W3C home > Mailing lists > Public > public-rdf-in-xhtml-tf@w3.org > July 2008

Re: RDFa test suite addition

From: Mark Birbeck <mark.birbeck@webbackplane.com>
Date: Tue, 29 Jul 2008 22:13:07 +0100
Message-ID: <ed77aa9f0807291413i609e5d37ra09c977a072af6c5@mail.gmail.com>
To: "Manu Sporny" <msporny@digitalbazaar.com>
Cc: "RDFa mailing list" <public-rdf-in-xhtml-tf@w3.org>

Hi Manu,

> Right, I didn't mean to imply that 'appending' will work in all cases
> (even though I'm not convinced that the statement is not true).

You began this thread by saying that the bug in librdfa was that in
some circumstances the relative part was incorrectly being appended to
the document, rather than the host name. So haven't you proved it
yourself, that appending doesn't work in all cases? :)

What's happened is that you've now found two possible ways to append
(to the document part or to the hostname), but I'm afraid that the
algorithm for converting a relative URI to an absolute one involves
yet further possibilities.

For example, the relative path:


should be appended to the end of the *path* part, replacing the
document. And so on.

So the point is to use the 'proper' algorithm for turning a relative
path into an absolute one, and you will always be ok, no matter what
the URI is that you are dealing with (relative or not).

The big question then, is whether the spec actually says to do this.

> What you have said has got me wondering about what is correct,
> acceptable and incorrect, however.

You also had me wondering, too. I recalled investigating this quite a
long time ago, and was starting to panic that I hadn't actually
incorporated what I learned from my analysis into the spec.

But thankfully I did:

  5.4. CURIE and URI Processing

  Since RDFa is ultimately a means for transporting RDF, then a key
concept is the
  resource and its manifestation as a URI. Since RDF deals with
complete URIs (not
  relative paths), then when converting RDFa to triples, any relative
URIs will need to
  be resolved relative to the base URI, using the algorithm defined in
section 5 of RFC
  3986 [URI], Reference Resolution.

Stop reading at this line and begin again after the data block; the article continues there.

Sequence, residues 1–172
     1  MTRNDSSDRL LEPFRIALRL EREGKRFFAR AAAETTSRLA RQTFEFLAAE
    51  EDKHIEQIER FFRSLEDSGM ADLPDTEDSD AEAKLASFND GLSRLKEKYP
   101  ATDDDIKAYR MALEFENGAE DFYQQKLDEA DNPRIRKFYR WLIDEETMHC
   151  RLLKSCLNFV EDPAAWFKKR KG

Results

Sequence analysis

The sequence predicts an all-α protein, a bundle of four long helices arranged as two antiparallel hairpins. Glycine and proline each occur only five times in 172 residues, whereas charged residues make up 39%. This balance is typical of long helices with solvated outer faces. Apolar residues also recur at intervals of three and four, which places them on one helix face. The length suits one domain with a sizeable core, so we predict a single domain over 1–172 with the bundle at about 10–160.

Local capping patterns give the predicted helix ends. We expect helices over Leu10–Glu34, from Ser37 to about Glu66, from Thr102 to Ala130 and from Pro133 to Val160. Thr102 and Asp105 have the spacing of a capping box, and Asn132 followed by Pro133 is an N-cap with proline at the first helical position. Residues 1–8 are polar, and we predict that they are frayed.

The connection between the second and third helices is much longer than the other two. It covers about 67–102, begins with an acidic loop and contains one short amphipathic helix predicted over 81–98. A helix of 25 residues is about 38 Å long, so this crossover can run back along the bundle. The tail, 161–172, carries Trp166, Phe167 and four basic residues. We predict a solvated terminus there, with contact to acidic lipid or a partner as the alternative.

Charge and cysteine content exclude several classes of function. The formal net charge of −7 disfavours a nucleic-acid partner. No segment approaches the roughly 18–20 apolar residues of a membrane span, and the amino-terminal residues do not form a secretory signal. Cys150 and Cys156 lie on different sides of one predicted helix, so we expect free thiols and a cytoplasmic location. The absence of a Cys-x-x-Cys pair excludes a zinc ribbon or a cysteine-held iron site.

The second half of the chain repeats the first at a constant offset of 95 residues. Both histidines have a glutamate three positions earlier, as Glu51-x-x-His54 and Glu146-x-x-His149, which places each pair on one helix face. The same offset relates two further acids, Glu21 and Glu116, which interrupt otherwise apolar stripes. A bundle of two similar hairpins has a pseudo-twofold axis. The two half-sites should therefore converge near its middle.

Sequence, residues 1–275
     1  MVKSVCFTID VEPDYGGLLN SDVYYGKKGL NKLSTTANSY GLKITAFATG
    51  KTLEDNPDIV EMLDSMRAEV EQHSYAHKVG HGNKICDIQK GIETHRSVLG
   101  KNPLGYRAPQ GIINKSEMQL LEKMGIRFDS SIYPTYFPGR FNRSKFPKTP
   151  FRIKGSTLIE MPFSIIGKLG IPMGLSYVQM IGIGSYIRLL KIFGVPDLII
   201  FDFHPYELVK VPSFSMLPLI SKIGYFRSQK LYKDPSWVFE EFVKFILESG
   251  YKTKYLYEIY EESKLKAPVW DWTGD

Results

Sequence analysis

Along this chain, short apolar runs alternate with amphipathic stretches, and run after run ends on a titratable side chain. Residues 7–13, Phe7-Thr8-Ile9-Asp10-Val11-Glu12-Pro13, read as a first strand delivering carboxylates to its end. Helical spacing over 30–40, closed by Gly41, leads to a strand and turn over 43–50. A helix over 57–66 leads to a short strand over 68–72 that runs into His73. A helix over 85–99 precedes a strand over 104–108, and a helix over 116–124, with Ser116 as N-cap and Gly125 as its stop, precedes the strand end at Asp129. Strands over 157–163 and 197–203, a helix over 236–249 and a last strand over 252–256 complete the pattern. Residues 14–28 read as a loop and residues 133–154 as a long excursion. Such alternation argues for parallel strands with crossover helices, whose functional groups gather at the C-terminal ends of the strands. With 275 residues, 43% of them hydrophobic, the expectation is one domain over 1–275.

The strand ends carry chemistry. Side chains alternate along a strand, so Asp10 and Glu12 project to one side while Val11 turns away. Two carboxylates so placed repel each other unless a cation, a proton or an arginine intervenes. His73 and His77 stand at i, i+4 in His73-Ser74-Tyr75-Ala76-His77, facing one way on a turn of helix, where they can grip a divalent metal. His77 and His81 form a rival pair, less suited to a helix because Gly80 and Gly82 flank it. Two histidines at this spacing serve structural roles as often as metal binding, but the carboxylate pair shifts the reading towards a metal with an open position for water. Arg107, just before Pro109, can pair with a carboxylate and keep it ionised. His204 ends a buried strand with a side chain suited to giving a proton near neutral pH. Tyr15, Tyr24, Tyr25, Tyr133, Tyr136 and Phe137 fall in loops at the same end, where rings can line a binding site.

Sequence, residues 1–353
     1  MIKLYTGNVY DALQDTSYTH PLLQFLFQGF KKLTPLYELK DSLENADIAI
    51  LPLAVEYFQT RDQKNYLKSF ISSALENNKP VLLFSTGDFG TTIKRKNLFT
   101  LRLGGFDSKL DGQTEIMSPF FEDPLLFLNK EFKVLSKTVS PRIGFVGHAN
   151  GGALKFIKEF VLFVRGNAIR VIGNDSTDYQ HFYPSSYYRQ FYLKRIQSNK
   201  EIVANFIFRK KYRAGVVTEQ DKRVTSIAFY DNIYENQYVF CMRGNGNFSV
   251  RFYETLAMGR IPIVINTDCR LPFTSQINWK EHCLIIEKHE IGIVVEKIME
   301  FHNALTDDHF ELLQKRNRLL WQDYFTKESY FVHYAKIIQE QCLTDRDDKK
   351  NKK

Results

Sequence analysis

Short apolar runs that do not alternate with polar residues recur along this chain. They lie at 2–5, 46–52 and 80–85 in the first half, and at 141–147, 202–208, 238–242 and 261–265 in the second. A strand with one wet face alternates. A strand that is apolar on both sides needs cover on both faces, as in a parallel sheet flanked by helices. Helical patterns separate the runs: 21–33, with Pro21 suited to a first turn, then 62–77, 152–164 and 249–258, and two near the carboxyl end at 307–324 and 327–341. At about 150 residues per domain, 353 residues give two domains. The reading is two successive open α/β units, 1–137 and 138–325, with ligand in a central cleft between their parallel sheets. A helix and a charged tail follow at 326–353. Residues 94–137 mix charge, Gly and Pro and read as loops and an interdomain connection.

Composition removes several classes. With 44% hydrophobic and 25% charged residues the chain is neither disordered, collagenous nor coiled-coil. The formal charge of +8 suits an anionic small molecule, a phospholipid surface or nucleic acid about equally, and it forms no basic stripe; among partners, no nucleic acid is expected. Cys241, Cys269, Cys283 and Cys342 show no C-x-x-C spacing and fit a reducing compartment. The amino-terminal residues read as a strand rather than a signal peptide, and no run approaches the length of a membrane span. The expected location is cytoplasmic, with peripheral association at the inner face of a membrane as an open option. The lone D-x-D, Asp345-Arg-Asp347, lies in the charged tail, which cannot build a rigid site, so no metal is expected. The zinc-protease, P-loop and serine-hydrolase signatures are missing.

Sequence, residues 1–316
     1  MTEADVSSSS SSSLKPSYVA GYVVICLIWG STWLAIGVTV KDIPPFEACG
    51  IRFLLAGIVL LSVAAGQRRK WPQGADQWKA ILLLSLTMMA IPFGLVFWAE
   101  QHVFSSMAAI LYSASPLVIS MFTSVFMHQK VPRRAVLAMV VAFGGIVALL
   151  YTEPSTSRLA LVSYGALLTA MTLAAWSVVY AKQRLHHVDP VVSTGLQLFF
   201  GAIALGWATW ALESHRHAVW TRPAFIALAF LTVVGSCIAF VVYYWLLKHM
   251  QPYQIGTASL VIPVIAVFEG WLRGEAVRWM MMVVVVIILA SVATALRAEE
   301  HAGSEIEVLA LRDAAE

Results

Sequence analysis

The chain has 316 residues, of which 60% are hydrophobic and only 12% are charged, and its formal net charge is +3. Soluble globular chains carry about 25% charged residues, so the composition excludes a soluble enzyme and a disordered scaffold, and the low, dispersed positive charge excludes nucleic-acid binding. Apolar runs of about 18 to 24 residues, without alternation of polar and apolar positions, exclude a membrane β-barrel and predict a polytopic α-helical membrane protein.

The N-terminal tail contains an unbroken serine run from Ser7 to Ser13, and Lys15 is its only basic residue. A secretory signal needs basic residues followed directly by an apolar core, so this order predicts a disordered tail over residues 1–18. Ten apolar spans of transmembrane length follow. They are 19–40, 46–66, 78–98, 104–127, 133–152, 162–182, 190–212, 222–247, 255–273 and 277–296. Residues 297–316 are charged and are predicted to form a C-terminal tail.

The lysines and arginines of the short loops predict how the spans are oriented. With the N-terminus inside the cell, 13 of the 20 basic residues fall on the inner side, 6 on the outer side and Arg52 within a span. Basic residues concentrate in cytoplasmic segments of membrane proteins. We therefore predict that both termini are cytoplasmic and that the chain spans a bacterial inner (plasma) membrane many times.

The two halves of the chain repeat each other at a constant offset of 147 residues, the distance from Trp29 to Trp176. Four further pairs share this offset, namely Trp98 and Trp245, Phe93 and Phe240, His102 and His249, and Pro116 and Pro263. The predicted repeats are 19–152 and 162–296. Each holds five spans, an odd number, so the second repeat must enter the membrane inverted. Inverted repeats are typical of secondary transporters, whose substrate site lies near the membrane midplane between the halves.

It certainly sounds like this point could do with being made more
prominent, but hopefully you'll agree that such changes would merely
be editorial, and that the spec itself is correct.

(See below for a further mention in the spec of this issue, but in the
context of CURIEs.)

>>   <http://rdfa.digitalbazaar.com/fuzzbot/demo/../../live/sneaking_sally.mp3>
> I realize that the URL above is not optimal, but is it "wrong"? RFC-1738
> says that the URL is valid (if I'm reading the RFC correctly):
> ftp://ftp.isi.edu/in-notes/rfc1738.txt

First, note that [1] updates RFC 1738.

Second, you're right that the URI is not 'wrong'. But the only way to
obtain such a URI would be to enter it exactly as you have shown it.
I.e., tou can't create such a URI by beginning with a relative path
and making it absolute, since the the only way to do that is according
to section 5 of [1], and that algorithm clearly shows how the dot
segments would be removed.

But also, if you query to your triple store for everything the store
knows about this:


will you also get back information about:


If you do, then that's great...but I'd also be really surprised; I
would imagine that once the URI is in the store, it's treated pretty
much like a string.

> Is it the RDFa parser's job to normalize URLs? I can certainly see the
> argument for why it should tidy up URLs, but I don't think this is a MUST.

I think it should, for two reasons, one concerning RDFa in general,
and the other relating to its particular manifestation as XHTML+RDFa.

The first reason is that RDF deals with absolute URIs. So any relative
paths have to be made absolute somehow, when creating triples. RFC
3986 [1] has a simple algorithm for doing this, which also has the
effect of removing dot segments.

So if we were not to use that algorithm to make relative paths
absolute, which algorithm would we use? As you've discovered, simple